Before the Devil Knows You're Dead
(2007), Sidney Lumet. Jan 1, 3:45 pm. View count: One. Solaris
(2002), Steven Soderbergh. Jan 1, 6:30pm, and Jan 2, 10am with commentary. View count: Two. Before The Devil Knows You're Dead
(the first movie we've seen at our local theatre, the Rafael): I am sadly, sadly deficient in Sidney Lumet's work; I think apart from this one I've only ever seen Network and 12 Angry Men. This had a few structural annoyances (a perhaps overdone structural partial-inversion) and some fairly obnoxious I! Am! Cutting! Rapidly! With! Gunshotty SFX! kind of stuff, but each was ignorable.
The awesome part of this movie was the awesome part of every Lumet movie I've seen: characters. He seems to get these excellent actors and give them these complex, deep, badass parts that they then play the heck out of. Everything a character does is development.
Along these lines, I must record my favorite shot. The setup is that Philip Seymour Hoffman's wife is asking him for money, and she's standing in front of him waiting to be given it. Between the camera and her, however, is a room divider, a partial wall separating the entryway from the dining room or something, It's painted sky blue. Philip Seymour Hoffman takes the money out of his wallet, and hands it to her, his hand disappearing behind the wall. He draws it back empty, and gives her another bill, passing it into the nothing-space behind the wall again.
Oh, it's just so good. His money just goes away into nothingness. This is an important character reinforcement, too.
I don't want to spoil this, because I believe the structural semi-backwardness is because of a particular revelation, so it's fairly important. It's a heist-gone-wrong movie, that much is advertised, but it is a rather deep and meaty one, characterwise. There's also the fun element of being able to feel the director's age; the older characters are more active and morally unshakable than the young whippersnappers. It's nice to see. Solaris
: I'm glad to have seen this, although I really want to see the first version from the 70s (Solyaris) now. IMDB says the Soderbergh version is a full hour shorter than it is, which makes me think that perhaps it could fix the biggest issue I had with the remake: we didn't get enough time with Protagonist and his personal Solaris experience. I like the story as more of a dreamlike realitybender, but this version was all about a straightforward choice between fantasy and reality.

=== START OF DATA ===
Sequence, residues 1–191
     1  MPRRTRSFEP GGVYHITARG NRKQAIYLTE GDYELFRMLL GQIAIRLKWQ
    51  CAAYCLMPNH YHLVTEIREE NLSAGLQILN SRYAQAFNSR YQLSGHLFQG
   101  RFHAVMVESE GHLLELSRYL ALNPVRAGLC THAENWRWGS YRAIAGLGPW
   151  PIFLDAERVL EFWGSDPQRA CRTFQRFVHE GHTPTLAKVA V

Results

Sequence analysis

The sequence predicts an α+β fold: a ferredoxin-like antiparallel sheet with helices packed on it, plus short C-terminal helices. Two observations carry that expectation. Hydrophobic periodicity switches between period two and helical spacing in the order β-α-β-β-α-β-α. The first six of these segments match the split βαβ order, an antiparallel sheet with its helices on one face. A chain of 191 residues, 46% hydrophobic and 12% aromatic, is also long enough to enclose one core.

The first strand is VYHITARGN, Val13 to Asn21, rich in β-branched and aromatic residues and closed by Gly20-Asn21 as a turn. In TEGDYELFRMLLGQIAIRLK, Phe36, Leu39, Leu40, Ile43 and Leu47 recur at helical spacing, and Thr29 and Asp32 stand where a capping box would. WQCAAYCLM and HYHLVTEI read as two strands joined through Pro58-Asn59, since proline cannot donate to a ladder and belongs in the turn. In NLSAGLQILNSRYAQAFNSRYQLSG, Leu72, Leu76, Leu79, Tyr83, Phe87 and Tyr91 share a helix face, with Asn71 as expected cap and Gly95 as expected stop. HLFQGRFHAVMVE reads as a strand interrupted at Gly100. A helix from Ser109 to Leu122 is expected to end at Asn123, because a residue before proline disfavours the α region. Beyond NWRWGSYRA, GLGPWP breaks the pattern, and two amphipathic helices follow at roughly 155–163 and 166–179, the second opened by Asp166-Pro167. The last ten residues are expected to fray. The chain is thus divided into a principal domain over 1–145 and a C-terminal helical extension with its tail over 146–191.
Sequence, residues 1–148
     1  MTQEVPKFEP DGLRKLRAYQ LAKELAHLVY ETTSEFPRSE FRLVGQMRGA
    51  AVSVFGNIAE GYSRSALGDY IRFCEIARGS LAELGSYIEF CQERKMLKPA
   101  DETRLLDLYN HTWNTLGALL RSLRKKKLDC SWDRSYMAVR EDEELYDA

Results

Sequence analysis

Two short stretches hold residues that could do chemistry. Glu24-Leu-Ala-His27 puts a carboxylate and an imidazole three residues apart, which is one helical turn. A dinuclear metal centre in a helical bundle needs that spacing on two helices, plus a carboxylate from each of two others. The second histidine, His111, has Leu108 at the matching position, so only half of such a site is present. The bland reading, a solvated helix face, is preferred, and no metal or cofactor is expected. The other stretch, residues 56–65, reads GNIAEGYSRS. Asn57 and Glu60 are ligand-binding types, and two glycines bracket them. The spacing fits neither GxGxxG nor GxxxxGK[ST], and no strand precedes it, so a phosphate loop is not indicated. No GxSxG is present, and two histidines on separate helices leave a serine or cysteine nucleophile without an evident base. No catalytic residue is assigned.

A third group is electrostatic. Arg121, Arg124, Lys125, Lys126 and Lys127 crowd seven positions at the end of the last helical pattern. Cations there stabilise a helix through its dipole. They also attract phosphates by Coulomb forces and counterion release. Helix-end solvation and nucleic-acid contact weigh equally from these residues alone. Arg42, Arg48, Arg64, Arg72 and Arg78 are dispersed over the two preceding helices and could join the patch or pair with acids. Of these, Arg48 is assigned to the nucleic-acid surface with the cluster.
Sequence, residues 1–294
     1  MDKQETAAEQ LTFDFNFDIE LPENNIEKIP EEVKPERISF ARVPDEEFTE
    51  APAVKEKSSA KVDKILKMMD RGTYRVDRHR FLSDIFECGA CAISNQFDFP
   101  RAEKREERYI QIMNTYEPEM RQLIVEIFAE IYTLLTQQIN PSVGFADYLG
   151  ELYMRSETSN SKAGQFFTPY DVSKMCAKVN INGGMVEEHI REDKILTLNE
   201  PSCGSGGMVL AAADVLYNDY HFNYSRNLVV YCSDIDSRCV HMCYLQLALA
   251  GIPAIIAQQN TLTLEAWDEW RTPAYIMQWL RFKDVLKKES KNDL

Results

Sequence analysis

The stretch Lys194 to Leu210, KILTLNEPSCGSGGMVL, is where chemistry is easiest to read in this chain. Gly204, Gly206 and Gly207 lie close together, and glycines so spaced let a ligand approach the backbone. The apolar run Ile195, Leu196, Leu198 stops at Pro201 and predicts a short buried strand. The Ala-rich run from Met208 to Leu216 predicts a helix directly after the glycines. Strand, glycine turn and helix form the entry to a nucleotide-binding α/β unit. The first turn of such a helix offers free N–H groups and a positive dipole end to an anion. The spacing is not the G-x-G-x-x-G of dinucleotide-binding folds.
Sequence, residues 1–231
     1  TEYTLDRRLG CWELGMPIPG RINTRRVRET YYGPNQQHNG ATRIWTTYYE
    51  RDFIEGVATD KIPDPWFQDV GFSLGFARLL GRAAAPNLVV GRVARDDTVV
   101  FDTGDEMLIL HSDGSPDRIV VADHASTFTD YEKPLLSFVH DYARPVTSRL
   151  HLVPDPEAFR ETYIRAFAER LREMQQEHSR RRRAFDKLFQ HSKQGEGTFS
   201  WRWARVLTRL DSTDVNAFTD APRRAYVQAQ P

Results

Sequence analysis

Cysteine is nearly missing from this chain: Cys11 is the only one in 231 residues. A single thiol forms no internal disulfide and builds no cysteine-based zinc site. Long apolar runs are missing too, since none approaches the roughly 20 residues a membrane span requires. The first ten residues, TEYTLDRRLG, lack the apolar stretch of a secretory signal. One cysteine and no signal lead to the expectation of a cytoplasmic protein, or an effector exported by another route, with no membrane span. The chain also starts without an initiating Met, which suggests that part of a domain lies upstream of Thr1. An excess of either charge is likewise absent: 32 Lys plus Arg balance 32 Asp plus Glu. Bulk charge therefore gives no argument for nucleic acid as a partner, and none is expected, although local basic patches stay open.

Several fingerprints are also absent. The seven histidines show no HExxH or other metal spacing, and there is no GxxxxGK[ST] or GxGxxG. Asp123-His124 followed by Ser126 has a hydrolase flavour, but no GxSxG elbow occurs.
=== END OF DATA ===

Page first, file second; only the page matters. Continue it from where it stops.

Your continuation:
Taking the movie on its own merits, though (Cameron (producer) said on the commentary track that Soderbergh's choice was to make this about emotional resonance rather than philosophical, which definitely comes through), there were still a few problems. [Spoilers, I guess, if you care] When the wife (the Irish second-in-command
from Ronin, btw) first shows up, we don't know she's dead in real life. We don't even know she is the image of his wife. We just know she's very spacey and weirdly semi-aware of things. This makes Protagonist's sudden decision to essentially space her (I wish he had actually done so, rather than used some kind of escape pod) pretty unintelligible. We get it in retrospect, of course, but that's just not the same as feeling his revulsion with him; there's too much going on for the viewer to just feel it as-is. And then he is converted to thinking of her as a real person almost instantly, with no visible thought or mental wrestling; it feels like he just snap-decides to retreat from reality and that is that.
I've been reading a couple of Pirx the Pilot books, and I'm pleased to see the commonality. George Clooney is a good Lem protagonist, a quiet, maladjusted, square-jawed professional.
Visually it's quite nice; the right lessons were taken from 2001, almost to the extent of some serious homage. The camera is nice and restrained. The casting is good, a small cast that includes Pvt. Toffler
from Ravenous (amusingly, the first we see of him, he's listening to an Insane Clown Posse song (you can tell because they mention juggalos!), and I seem to recall that chmmr looked them up once and found that they had religious underpinnings. In Ravenous, he's humming and 'composing a religious hymn' throughout. This is only fun for me personally, I think).